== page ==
CHARLOTTETOWN, P.E.I. - The large number of deaths in right whales last summer has put a spotlight on an urgent need for more protection in the Gulf of St. Lawrence, says a marine mammal biologist.
Tonya Wimmer, who is also director and founder of the Marine Animal Response Society (MARS), spoke during a fundraising event Sunday at UPEI that highlighted efforts to protect the whales and other marine species.
Wimmer said more long-term planning from a holistic point of view is needed to ensure industries can be sustainable while also protecting the many species living in the gulf.
“Right whales in particular are a highly-endangered species and obviously our priority, but really something like this can happen to almost anything,” said Wimmer. “We need to accelerate (the effort) and it needs to be very inclusive because that’s the only way this is going to get solved, is with everyone working together.”
The right whale population was estimated to be about 450 at the start of last summer, said Wimmer.
At least 17 of those whales died, while the species had only five births.
While the deaths, which were often caused by whales getting caught in fishing gear or hit by boats, resulted in a Transport Canada imposing a speed restriction in the gulf, Wimmer said efforts are already overdue.
“Sadly, I think the tragic events of the summer have really put a spotlight on the fact we need to really start seeing some movement in Canada,” she said.
About 70 people attended the fundraiser, which was hosted by Save Our Seas and Shores P.E.I. (SOSS P.E.I.), the UPEI Environmental Society and AVC Wildlife Club.
Funds raised at the event are going towards Ecojustice’s court challenge of oil exploration in the gulf.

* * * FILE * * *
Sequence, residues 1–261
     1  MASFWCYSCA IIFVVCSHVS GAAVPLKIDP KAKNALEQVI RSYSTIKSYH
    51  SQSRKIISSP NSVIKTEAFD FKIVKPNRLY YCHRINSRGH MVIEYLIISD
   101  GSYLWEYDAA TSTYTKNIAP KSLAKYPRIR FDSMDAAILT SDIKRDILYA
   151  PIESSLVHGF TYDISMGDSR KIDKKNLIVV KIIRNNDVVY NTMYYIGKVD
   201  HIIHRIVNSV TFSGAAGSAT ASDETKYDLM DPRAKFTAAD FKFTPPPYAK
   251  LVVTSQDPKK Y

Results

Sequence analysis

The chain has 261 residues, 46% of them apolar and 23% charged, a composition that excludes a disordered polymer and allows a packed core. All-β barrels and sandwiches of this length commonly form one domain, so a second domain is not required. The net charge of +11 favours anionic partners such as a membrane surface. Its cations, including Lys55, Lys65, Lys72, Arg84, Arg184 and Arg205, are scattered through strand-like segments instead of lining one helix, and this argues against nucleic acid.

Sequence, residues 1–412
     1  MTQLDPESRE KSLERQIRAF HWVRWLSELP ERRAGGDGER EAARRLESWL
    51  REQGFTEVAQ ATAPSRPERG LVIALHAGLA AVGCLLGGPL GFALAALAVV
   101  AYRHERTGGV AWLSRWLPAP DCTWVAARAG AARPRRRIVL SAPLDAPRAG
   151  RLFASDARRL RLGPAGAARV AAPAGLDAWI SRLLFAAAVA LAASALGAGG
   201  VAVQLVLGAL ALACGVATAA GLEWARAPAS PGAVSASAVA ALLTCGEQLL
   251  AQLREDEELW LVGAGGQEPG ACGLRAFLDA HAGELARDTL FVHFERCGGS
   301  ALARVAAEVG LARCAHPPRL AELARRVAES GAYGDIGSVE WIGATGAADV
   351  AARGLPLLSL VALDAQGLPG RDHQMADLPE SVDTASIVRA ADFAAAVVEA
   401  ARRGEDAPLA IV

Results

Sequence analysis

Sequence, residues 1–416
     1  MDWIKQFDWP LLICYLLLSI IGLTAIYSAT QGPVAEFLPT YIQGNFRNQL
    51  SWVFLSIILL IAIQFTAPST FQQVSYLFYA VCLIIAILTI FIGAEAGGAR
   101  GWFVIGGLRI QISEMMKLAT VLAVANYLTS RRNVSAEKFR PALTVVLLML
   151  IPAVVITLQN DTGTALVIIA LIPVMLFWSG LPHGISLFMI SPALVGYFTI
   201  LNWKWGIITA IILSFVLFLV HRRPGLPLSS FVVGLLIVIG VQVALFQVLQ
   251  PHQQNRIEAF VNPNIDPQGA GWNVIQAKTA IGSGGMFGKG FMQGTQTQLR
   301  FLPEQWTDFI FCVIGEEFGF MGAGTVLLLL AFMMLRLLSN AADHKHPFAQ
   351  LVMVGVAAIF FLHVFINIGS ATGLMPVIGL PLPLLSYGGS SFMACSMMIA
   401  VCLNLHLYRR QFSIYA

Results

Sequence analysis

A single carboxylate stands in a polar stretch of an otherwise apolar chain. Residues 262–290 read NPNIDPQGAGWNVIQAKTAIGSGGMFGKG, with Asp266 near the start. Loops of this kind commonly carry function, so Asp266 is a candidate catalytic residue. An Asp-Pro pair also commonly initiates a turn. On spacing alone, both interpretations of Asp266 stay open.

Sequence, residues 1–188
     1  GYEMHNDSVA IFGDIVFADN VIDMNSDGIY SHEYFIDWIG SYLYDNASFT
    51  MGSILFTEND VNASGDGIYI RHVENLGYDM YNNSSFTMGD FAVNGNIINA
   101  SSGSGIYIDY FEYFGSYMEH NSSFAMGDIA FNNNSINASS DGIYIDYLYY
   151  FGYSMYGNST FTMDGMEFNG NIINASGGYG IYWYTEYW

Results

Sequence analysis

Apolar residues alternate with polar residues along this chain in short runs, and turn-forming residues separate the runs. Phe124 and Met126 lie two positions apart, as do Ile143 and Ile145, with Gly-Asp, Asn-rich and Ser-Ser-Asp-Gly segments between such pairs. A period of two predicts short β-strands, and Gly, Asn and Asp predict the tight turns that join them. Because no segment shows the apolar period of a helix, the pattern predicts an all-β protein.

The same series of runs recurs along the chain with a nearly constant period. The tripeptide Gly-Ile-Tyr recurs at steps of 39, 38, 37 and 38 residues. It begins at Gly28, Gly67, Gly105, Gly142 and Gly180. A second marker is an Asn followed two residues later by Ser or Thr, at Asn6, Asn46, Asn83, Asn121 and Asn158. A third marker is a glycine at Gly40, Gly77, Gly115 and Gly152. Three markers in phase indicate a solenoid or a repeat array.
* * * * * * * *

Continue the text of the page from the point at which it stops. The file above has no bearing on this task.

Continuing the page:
Ecojustice, which represents the Sierra Club Canada Foundation and four other groups, is challenging the Newfoundland offshore petroleum board’s decision to renew Corridor Resources’ exploration license.
Gretchen Fitzgerald, national program director of the Sierra Club Canada Foundation, gave an update on the lawsuit which is currently in a St. John’s court.
Fitzgerald said the license should not have been renewed when it expired at the start of 2017 and that the decision contravenes the Accords Act.
“It should never have been issued in the first place in the Gulf of St. Lawrence. It’s a critical marine environment and globally recognized for how productive it is and how important it is for species like the right whale,” said Fitzgerald. “And for communities in the gulf, it is critical that it’s protected so we can have a sustainable fishery and tourism industry.”
Colin Jeffrey, chair of SOSS P.E.I., said it’s important for groups to continue pushing government to improve environmental laws.
“We need to keep the pressure up. Because we have whales and so many other marine species that are in trouble right now and need our help,” said Jeffrey, who thanked both guest speakers for attending the event.
Wimmer advised individuals to call the MARS hotline if they spot entangled whales.
She said individuals send a message to government and industry on the importance of protecting the gulf.
“These animals and their habitats have to be considered because really the end result is that if they’re gone, we can’t get them back.”